Planting Vegetables in California, a Woman Finds Her Korean Roots

For a Korean girl adopted by an American family at five-months old, the love affair with food started with the perilla leaf.

Better known to some as the sesame or shiso leaf, Kristyn Leach found the prickly green and purple leaf in a Korean seed book and fell hard. And she credits the experience with inspiring her to launch Namu, a California farm specializing in Asian vegetables.

Saving shiso seed

A photo posted by @namu_farm on

For those who have eaten it, perilla is unmistakable. It tastes like something between mint and spinach, and you either love it or loathe it. Koreans will usually pickle it or wrap meat in it for Korean barbeque. Leach likened perilla, the first plants she grew, to something like an awakening, or a reincarnation. “The plant remembered me before I remembered it,” she says.

Radishes with chihuahua for scale A photo posted by @namu_farm on

Leach was no stranger to vegetables or farming. Growing up in the community gardens of New York with blue-collar parents, Leach learned two lessons to live by that would end up defining her career: Be of service and grow food.

As part of  a white American family, Leach didn’t have Korean family recipes or even know what Korean produce was, aside from the occasional Asian pear or odd cabbage from the market. By teaching herself about Korean seeds and produce, she learned who she was and opened up a door to her sense of identity and heritage. This, she says, empowered her to start Namu farm.

To make it happen, Leach started small. Five years ago, she subleased one acre of land in the hills of San Francisco from Sage, a non-profit in Berkeley, California. There, she was exposed to a wide variety of produce and found many farmers willing to show her the way.

In addition to wanting to farm Korean vegetables, Leach also wanted to try the natural farming methods used in Korea, i.e. creating a no-till, biodynamic and organic farm; food you could trace back to its source.

This type of farming is not for the faint of heart or will. Succeeding takes years, but it was something she was determined to do the way her Korean ancestors had done, to “have a place within nature, and not one that’s dominating it.”

When Leach first began growing perilla, she brought some to chef Dennis Lee at Namu Gaji, an acclaimed modern Korean restaurant in San Francisco owned by Lee and his two brothers. California is home to a huge Korean population and in recent years Korean food and chefs have become much more mainstream. Kimchi and bi bim bap are showing up on menus around the U.S., now, but not so much back then. Lee was so impressed with Leach’s leaves, he asked her to grow chilies for Namu Gaji and soon after, Namu the farm was born. (Namu means “tree” in Korean, and emphasizes the branches of their collaboration.) Now Namu produces more produce than Namu Gaji needs—beans, peanuts, and more. Extra produce goes to Korean community centers and an Asian women’s shelter in the bay area. Recently, Namu has partnered with the Kitazawa Seed Company, the largest distributor of Asian seeds outside of Asia, to release Korean chili seeds with plans to sell a new heirloom crop each year.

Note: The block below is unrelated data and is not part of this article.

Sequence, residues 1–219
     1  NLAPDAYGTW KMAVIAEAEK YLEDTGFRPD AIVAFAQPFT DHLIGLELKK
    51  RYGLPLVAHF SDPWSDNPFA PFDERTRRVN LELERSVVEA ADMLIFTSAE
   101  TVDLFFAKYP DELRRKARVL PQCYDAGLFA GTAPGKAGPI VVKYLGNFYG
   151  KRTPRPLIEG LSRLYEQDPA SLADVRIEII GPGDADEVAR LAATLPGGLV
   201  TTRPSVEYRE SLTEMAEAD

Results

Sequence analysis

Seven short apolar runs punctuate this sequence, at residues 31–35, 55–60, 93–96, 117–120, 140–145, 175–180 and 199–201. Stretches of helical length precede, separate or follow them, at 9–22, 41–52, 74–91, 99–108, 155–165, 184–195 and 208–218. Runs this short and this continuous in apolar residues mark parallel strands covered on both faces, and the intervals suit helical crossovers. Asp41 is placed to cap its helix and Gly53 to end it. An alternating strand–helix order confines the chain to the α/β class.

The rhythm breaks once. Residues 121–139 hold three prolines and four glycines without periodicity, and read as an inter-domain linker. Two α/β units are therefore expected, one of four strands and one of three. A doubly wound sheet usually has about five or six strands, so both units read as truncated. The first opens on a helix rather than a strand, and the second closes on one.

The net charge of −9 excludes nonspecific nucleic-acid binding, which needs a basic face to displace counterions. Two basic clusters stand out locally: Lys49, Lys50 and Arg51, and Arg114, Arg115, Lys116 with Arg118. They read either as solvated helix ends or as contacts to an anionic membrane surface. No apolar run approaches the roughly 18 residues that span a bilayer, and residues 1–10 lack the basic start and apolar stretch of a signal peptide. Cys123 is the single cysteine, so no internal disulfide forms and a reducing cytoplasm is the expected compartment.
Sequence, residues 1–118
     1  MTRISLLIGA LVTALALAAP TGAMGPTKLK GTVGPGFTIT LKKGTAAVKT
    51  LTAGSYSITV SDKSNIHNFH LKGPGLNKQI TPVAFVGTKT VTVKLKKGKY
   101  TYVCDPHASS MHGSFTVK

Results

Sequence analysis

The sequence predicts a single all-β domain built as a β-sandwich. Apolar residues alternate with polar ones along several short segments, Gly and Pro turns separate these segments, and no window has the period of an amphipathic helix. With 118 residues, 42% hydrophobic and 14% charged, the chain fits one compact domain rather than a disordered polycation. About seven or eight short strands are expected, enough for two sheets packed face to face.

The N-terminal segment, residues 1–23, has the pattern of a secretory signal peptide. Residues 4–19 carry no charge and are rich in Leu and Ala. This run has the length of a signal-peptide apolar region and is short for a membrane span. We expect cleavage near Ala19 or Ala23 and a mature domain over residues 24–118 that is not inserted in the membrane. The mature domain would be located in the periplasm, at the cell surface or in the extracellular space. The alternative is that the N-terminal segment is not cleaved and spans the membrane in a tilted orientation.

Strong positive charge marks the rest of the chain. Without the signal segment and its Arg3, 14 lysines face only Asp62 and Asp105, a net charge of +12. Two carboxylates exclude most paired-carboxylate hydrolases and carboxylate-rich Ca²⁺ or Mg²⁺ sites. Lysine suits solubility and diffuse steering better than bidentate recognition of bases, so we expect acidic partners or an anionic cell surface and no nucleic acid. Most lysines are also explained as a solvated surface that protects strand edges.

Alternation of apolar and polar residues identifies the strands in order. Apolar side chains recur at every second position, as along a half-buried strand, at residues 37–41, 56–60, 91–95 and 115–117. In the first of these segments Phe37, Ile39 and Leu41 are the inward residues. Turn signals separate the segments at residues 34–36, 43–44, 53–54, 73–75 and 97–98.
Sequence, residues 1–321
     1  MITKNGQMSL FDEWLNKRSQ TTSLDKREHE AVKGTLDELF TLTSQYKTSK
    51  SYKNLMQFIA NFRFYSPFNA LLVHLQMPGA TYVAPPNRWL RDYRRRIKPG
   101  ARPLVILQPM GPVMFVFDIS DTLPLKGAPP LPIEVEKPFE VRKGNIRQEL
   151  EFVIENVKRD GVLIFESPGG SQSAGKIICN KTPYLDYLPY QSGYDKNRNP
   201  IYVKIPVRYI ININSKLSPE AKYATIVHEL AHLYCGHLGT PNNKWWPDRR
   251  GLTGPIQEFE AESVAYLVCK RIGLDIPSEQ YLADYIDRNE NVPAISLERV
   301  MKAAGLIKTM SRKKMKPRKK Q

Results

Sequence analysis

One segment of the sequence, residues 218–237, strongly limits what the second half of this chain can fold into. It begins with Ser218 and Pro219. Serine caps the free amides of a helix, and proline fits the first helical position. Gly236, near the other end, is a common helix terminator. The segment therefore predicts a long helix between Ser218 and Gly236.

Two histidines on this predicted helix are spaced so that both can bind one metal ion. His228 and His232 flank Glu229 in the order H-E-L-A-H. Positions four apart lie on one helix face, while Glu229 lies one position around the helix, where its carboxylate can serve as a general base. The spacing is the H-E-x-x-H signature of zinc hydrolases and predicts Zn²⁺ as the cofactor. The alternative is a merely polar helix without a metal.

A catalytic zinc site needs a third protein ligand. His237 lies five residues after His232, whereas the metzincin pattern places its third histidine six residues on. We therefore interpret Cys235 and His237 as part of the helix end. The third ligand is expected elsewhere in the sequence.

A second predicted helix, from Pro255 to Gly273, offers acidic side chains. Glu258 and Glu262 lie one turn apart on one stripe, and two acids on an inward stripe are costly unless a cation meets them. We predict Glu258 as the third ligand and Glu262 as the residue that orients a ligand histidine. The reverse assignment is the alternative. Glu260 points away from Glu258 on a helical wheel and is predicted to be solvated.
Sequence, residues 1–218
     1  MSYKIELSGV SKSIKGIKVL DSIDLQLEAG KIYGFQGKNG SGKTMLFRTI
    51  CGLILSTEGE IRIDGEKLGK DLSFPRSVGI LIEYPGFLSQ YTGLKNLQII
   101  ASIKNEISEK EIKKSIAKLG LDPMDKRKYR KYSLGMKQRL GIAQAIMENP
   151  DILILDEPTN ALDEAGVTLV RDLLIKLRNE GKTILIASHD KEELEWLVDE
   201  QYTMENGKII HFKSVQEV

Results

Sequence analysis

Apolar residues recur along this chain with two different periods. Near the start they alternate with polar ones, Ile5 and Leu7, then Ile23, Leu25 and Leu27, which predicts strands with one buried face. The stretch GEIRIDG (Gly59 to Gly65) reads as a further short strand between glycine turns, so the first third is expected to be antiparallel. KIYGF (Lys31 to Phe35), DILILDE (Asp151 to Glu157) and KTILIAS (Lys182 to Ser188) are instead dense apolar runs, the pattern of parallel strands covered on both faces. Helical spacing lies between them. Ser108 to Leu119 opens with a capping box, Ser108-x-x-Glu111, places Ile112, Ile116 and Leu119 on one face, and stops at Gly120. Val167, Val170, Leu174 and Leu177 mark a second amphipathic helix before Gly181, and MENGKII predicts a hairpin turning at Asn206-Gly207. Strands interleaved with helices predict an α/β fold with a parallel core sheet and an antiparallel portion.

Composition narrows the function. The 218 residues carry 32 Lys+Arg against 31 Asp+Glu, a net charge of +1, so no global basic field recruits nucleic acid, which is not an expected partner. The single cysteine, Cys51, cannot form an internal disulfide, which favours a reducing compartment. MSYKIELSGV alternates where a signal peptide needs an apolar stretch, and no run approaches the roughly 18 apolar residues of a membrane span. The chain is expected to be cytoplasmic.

Our three chile varieties: the “Damyang Chile”, “Lady Han”, and “Lady Choi”. Ladies Han and Choi are our two varieties for @namusf gochu karu. The first is sweet with a spicy finish, the second is very hot through and through. Lady Choi makes a great green chile for dipping in doenjang. Both of them have a pretty thick wall, and lots of moisture when fresh. The Damyang Chile on the other hand has a really thin wall and is especially suited for drying and grinding. It’s super bright and very spicy. It hails from the region famous for gochujang, and is a landrace chile selected by local farmers for its flavor and suitability to this famous sauce. We are very honored to have this chile on the farm and will be making seeds available for next season. Stay tuned! A photo posted by @namu_farm on

Last fall Leach traveled to Korea for the first time to find seeds to bring back home. She worked on a farm and met Korean farmers, including Ms. Pyeon, an heirloom preservationist and farmer in Joellanam-do. They bonded over natural farming practices and preserving seeds, including the perilla leaf. Pyeon has three different varieties including the stone perilla, the wild ancestor of the perilla plants Leach grows.

Every September, Koreans celebrate Chuseok—think Korean Thanksgiving but over three days. It commemorates the year’s harvest and thanks the ancestors. This year at Namu, Korean drummers gathered at the farm to sow the cover crop seed and finish with a big feast. Leach says of the experience, “I felt more Korean than ever.”

Melon taste testing with Mark at @namusf. We have Early Silver Line, the Korean melon most widely available in the states, and one of the few OP varieties in circulation. The other is one of Ms. Pyeon’s. Similar levels of sweetness. The silver line has more of a cucumber-y texture, while Ms. Pyeon’s has a texture somewhere between an apple and muskmelon. I had asked Sunny, an older lady I work for on weekends about the different chameh, and she was a big fan of the gaeguri chameh “frog melon” that was pictured a few days ago. She says that most people prefer the crunchier texture of these yellow varieties and so many younger people haven’t tried the green ones. So far I have been a fan of all of them! They are all distinct and very delicious.

A photo posted by @namu_farm on

 

Jeanne Modderman is a photo producer for National Geographic’s photo community Your Shot with a love for storytelling, art and good food. Follow her on Twitter and Instagram.

 

 

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